Mayers says NHL, NHLPA are close, remains optimistic

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Mayers says NHL, NHLPA are close, remains optimistic

Jamal Mayers sat in on all of those ownerplayer meetings last week in New York City. And while things broke off in an ugly way last week, the Blackhawks forward says there isnt much separating the two sides.

Being involved in those meetings, the reality is we are that close, Mayers said on Monday. My hope is when the dust settles and cooler heads prevail theres enough owners quite frankly itll have to come from them to put pressure on (commissioner Gary Bettman) and say, Are we going to lose a season over how close we are? And for those who suggest, Well, why dont players move more? Theyre not giving credit for how far weve already moved at all. The reality is, the deal is right there to be made.

We have to figure out what to do with the transition rules, going from old system to new system, the cap numbers going to change, allowing teams to perhaps opportunity to have one player amnesty, Mayers said. There are some things to work out from there. But I just worked out in general terms how we are that close.

Mayers said the two sides agreed in principal to transition payments (aka make whole), which executive director Donald Fehr said prior to Thursday nights blowup. The league, however, said the economics agreement was contingent to the NHLPA accepting three other items: CBA length, player contract limits and some transition items.

It wasnt presented to us for the transition paymentmake whole, that theyre tied together to everything else. That was never, ever said in any of the meetings, Mayers said. So that comes as a surprise.

The league wants a 10-year CBA (with an opt out after eight). The NHLPAs latest proposal moved to eight years. Owners are adamant about a five-year contract limit seven years for a player re-signing with his current team to the point where deputy commissioner Bill Daly called it the hill we will die on. Players offered eight years max.

So why are players so against that five-year maximum? Mayers used the Pittsburgh Penguins as an example:

If you were to sign a guy like Sidney Crosby to a five-year deal (or at least eight year deal like were proposing), you end up paying Crosby 12 million a year, whatever 20 percent of the cap is, for the entire length of the contract. Flat line. Because youre not able to change the numbers at all and have any kind of variance because hes going to get his security within those five years. Whats Evgeni Malkin going to get? Hes going to get 12 million. What about (Marc-Andre) Fleury coming up? (Kris) Letang? Youre not going to be able to keep the team together. Youre also going to crush the middle class and lower-tier players. All that moneys going to get eaten up by those guys.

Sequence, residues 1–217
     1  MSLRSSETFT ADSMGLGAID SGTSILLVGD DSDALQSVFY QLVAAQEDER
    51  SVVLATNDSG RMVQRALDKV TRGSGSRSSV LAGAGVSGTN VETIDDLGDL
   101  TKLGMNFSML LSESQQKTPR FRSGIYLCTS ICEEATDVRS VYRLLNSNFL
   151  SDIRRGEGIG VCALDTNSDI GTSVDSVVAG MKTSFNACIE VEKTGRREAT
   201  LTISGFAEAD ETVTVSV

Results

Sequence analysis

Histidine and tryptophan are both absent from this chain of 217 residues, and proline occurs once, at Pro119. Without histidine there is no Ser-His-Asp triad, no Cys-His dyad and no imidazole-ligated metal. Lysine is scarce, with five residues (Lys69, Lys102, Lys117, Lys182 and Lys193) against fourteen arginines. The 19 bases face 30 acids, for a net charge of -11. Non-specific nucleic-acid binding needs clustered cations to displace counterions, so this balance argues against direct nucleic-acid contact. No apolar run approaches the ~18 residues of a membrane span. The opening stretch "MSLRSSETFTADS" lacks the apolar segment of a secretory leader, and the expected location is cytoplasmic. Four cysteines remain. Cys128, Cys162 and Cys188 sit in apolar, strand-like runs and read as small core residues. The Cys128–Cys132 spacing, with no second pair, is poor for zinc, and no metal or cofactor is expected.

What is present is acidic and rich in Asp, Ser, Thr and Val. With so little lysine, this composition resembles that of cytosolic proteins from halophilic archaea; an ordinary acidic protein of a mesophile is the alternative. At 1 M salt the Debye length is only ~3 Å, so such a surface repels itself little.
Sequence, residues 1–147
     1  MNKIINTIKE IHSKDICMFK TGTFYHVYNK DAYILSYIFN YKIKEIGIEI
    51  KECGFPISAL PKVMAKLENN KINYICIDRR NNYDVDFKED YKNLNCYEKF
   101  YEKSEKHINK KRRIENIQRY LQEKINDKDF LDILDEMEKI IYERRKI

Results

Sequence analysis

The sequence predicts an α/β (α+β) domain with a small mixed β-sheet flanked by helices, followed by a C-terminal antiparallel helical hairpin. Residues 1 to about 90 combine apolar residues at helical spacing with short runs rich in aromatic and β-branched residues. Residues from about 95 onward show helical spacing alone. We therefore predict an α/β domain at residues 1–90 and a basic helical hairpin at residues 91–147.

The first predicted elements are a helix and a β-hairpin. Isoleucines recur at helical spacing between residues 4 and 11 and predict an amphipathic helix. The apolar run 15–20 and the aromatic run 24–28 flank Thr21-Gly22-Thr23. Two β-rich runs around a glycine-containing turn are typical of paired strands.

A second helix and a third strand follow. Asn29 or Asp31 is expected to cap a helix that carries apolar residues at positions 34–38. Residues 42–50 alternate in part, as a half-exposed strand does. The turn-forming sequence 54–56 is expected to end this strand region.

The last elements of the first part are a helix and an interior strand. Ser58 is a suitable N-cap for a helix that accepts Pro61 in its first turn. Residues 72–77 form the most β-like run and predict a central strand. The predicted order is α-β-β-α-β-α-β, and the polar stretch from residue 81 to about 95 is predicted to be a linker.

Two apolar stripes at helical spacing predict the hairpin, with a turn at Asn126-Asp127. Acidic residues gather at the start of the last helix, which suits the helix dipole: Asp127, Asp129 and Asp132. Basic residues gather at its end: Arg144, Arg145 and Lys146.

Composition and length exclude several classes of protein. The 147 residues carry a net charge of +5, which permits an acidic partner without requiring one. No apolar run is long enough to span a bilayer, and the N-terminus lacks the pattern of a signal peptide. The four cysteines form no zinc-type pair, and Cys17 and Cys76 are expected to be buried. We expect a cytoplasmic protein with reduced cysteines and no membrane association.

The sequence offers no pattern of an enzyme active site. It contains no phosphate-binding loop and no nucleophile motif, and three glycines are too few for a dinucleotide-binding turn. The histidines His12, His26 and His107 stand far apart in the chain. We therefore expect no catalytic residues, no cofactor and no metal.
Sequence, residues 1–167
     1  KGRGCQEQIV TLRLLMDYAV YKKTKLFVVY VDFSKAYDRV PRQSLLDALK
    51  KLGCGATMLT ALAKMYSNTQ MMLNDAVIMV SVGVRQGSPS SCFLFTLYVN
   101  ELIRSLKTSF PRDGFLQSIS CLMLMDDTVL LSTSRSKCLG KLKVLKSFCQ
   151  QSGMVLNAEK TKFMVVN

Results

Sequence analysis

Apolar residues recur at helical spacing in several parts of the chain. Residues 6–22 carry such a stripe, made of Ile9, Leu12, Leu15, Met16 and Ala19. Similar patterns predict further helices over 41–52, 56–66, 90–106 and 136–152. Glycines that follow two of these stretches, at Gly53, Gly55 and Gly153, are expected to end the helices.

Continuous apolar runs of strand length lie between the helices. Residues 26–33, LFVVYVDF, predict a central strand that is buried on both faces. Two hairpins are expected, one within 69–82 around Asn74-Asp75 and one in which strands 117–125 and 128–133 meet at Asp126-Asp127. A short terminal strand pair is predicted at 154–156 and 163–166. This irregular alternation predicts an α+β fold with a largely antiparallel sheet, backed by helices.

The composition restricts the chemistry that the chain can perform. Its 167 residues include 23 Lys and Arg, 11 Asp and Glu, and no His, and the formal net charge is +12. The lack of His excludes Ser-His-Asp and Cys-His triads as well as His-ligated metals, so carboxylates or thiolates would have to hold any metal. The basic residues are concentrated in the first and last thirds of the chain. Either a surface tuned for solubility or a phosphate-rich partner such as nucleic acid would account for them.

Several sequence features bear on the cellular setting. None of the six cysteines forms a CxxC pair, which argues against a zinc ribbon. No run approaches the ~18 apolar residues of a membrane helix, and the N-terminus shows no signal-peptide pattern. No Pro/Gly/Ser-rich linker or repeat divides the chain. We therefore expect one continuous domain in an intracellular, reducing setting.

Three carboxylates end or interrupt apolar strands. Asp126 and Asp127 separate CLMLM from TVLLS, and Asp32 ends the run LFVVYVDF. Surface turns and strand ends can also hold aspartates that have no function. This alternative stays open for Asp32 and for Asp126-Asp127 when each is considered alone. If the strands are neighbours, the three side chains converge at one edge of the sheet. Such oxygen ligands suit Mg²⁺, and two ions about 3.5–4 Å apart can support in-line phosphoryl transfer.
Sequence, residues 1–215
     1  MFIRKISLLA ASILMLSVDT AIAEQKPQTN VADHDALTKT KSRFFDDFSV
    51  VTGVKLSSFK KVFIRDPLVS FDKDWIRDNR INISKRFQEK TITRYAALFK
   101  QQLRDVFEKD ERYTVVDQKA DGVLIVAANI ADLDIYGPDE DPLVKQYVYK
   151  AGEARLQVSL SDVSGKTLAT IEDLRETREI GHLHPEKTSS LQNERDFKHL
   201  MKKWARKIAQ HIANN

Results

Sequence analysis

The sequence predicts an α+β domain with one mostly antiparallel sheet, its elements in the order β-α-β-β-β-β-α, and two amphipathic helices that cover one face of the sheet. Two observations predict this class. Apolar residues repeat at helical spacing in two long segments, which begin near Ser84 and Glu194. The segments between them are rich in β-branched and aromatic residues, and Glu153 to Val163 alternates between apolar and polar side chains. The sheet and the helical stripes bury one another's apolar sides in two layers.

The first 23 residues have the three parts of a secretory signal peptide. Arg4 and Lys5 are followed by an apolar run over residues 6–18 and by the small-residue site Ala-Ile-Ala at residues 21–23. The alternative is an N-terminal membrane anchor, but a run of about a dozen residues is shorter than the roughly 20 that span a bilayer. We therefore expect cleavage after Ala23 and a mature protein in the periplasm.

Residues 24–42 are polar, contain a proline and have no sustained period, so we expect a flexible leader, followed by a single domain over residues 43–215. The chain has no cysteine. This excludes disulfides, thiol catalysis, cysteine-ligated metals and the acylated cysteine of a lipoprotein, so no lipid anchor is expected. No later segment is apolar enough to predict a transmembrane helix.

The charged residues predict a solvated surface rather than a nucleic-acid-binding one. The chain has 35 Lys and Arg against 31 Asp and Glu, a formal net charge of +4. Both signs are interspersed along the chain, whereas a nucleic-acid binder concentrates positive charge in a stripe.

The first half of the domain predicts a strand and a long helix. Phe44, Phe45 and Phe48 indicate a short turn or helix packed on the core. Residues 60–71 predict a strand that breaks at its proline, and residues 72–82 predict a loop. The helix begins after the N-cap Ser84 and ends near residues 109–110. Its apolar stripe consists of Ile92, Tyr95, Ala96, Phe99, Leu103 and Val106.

Theres a reason why Sidney took a little less and this contracts designed the way it is because he wants to play on a good team. Youd think that owners would want something similar, Mayers said. I believe theyd want it like that because it allows them to keep their players. But most importantly it crushes the middle-class player.

Mayers said the NHLPA also proposed a solution to the back-diving player contracts, including those signed this past summer.

Any contract seven years or greater, if the player was fit to play but retired anyway, you would take the dollars remaining, or the cap hit number, and penalize the team and charge them a cap hit for trying to take advantage to finding a loophole, he said. To me, if you have that in place, and you have a variance in our new system where we said eight-year contract length, you wont have those issues with back-diving contracts. So what do they care on how the moneys allocated? Its like a salary cap. You can only spend X, thats it.

Despite the ugly end to last week, the two sides did correspond this weekend. Daly told the Associated Press that the sides are trying to set up something for this week, but nothing finalized yet.

Obviously Im still optimistic, Mayers said about a season. Thats the reason why were here skating and trying to get ready.

By the bye: Blackhawks keep rolling following break

By the bye: Blackhawks keep rolling following break